I did not say plural A-10s sir, I said a single A-10.  Though you are willing to say the WaPo article is in error, and it might be, the story WAS out back when the incident occurred, and that general recognition was what my earlier posts were based upon.

I have no problem admitting I was wrong.  Maybe it was not an A-10.

That there was an aircraft out of Tyndall is corroborated by WaPo.  Maybe they were wrong.  In the end it doesn't matter, except for generating glee on the part of those who want to make this all about me.  No problem, I can handle it.

The major point in this particular discussion is THE RESPONSE OF THE SYSTEM to an off course or NORDO aircraft, as it compares to the response of the system on 11 September.

No matter what kind of aircraft they were, or where they were out of, the point is that FAA & NORAD communication was working fine that day.

We know that the flight was cleared from Cross City to Dallas, which would have taken it through the Tyndall/Eglin complex of airspace in the Gulf and over the Panhandle of Florida, generally south of I-10.  It seems the flight never made the turn at CTY, and of course it had not communicated in more than 10 minutes.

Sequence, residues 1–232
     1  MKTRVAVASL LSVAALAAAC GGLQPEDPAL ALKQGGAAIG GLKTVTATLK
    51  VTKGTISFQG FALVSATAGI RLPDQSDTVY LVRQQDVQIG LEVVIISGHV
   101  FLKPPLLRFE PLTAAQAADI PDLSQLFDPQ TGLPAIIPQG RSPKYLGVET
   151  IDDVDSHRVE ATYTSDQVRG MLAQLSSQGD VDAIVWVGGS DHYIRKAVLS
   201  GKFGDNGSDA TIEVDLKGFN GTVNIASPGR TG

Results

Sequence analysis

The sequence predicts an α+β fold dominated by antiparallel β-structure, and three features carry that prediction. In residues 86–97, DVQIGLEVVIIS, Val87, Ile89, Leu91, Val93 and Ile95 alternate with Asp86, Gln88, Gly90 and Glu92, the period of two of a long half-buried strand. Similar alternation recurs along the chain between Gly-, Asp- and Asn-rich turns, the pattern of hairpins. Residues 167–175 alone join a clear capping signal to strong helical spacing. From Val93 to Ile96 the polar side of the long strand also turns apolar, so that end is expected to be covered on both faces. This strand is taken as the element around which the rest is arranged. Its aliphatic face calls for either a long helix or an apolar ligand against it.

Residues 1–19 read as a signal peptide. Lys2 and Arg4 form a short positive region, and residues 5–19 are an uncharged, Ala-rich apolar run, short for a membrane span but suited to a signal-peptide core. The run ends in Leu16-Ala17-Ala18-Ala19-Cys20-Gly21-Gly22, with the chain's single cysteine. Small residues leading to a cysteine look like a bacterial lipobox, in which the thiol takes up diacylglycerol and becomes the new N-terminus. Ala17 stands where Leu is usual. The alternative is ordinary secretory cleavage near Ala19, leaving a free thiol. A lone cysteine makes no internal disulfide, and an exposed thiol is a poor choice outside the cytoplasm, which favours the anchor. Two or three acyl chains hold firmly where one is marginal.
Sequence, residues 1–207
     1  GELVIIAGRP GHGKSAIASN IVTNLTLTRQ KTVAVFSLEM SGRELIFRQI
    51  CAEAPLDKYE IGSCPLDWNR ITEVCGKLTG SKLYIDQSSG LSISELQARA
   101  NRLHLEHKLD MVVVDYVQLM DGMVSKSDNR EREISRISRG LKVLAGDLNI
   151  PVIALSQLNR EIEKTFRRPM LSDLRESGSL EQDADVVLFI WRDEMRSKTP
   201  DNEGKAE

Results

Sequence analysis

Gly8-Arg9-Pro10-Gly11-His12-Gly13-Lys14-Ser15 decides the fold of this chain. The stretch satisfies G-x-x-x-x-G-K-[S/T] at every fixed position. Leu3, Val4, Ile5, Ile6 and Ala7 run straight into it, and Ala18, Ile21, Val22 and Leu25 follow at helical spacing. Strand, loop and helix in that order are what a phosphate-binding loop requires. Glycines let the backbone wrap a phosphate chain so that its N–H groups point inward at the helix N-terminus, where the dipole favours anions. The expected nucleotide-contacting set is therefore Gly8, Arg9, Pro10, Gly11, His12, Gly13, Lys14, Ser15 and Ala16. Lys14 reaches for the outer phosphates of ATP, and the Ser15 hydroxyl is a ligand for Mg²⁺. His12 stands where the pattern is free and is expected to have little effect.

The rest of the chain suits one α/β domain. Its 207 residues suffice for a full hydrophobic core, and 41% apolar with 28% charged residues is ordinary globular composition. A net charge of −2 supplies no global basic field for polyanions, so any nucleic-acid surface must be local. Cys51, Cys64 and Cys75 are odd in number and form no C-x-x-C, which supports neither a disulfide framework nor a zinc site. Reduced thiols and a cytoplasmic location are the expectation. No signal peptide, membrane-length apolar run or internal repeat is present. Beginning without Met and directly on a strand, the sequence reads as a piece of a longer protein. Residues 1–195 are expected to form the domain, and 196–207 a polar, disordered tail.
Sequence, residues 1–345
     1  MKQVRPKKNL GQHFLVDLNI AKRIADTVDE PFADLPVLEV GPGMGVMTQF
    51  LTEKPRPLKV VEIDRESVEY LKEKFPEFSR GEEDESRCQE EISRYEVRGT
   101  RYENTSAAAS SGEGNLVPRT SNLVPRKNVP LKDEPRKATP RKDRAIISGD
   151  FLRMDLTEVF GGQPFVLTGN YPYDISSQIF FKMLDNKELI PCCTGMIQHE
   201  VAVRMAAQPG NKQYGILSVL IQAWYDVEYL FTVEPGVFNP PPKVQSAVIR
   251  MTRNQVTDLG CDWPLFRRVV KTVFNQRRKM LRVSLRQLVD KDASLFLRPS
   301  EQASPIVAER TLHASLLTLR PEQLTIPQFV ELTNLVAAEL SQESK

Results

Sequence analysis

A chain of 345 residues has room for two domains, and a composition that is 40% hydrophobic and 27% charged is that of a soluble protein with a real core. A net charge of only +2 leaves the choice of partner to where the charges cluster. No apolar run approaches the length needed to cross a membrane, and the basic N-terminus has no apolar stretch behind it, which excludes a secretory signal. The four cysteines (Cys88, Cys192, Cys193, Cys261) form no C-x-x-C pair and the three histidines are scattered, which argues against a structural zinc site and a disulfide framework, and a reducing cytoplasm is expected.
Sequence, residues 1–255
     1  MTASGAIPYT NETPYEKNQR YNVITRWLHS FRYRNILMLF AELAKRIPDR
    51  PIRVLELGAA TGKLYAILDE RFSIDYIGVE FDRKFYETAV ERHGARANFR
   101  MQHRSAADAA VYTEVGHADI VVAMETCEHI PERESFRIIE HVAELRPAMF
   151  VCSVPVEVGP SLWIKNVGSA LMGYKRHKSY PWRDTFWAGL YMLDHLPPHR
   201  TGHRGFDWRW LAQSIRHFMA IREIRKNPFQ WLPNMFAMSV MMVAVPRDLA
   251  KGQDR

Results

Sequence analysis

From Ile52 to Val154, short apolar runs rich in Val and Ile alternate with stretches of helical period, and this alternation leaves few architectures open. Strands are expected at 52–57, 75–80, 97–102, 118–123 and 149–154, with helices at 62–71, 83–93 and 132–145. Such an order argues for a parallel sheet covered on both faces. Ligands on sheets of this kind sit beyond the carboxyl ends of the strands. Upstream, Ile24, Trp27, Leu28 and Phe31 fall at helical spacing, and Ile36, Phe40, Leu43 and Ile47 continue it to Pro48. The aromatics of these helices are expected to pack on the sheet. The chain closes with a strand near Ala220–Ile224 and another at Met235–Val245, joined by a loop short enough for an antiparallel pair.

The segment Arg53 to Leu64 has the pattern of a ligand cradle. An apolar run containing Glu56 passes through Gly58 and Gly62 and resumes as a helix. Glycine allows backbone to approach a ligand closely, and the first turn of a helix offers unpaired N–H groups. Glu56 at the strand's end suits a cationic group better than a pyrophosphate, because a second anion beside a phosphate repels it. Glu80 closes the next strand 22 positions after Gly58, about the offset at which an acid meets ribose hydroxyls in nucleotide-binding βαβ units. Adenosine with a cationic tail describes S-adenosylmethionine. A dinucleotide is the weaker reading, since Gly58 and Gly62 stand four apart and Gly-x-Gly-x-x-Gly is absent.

And the FAA called the military at about that time.  And the military responded, it appears before the aircraft even left Florida airspace.  So the system worked as designed, and as it had numerous other times before.

But that day the controllers did not have injects lighting up their screens.  They were not in the mindset of being pawns in some kind of training exercise, at least that we know of.

And THOSE are the differences in the comparison with the events of 11 September.  On that day, Boston called NEADS at 0840 and the military responded 6 minutes later, which is consistent with what happened in the Stewart incident.

The problem was that the FAA was confused about what was happening with the 2 Boston flights, and by the time they notified NEADS of the problem, the first aircraft was in the process of striking the first tower.